CK: Are you getting any sage advice from the 2:11 and 2:12 marathoners, Coolsaet and Eric Gillis?
RW: Oh man, yeah for sure. Having two guys who have already rocked a marathon in our group has been an invaluable resource. They have so much insight and knowledge to share about the event. I have been picking their brains about every little aspect, it’s awesome. We have things pretty locked down. We also work a lot with Dr. Trent Stellingwerff, his nutritional guidance is cutting edge and he’s been amazingly helpful.
CK: Growing up in London, Ontario I assume you played hockey. How old were you when you discovered running?
RW: I did play hockey, and I was terrible. I was more of a soccer guy. Anyways, I was lucky enough to be born into a pretty active family. My Aunt Jill was in the 84’ Olympics for the Heptathlon and my older brother Pete was a running superstar. Running was always a thing that my family just did. We were always going to road races and such when I was little. I ran my first 10km road race when I was 7, our family was at a race which my older brothers were going to run and I figured I wanted to run also. My parents were hesitant at first but then figured I’d be okay. I ran the race and had fun. So between the ages of 7-12-ish I was always running road races with the family during the springtime. My Dad and Mom have both run marathons, they’re awesome. But as high school came around I didn’t really care much for running. I did cross-country in the fall, but I sucked! I was dead last at the city champs my 9th grade. I was just doing it for something to do. Then I played soccer in the spring. Eventually, I started to enjoy it more and put in some more work, and I was an okay runner by the end of high school. Things have progressed from there.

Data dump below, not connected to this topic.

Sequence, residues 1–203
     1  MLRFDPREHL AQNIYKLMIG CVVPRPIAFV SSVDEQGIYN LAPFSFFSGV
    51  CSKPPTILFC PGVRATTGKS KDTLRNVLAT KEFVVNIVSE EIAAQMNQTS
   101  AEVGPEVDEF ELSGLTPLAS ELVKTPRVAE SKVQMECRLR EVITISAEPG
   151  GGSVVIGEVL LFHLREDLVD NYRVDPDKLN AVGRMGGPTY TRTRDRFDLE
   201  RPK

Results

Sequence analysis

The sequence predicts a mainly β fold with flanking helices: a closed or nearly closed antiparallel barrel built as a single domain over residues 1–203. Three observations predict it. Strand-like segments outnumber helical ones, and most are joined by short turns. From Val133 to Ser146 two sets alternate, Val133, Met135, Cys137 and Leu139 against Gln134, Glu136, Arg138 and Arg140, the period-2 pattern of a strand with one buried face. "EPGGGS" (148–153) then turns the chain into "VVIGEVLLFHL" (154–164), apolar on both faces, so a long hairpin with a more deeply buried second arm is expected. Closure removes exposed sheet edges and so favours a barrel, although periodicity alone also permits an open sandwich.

CK: Can you skateboard at all like your teammate Reid Coolsaet (world record holder in the skateboard mile).
RW: I can skateboard, but not nearly as well as Reid, he’s really good. But as a kid my older brother built a halfpipe in our back yard, so I would dink around on that a bit, it was fun. And when I was in University my main mode of transport was my longboard, I would tear around campus on that sucker.
CK: Where does the nickname ‘Destroyer’ come from?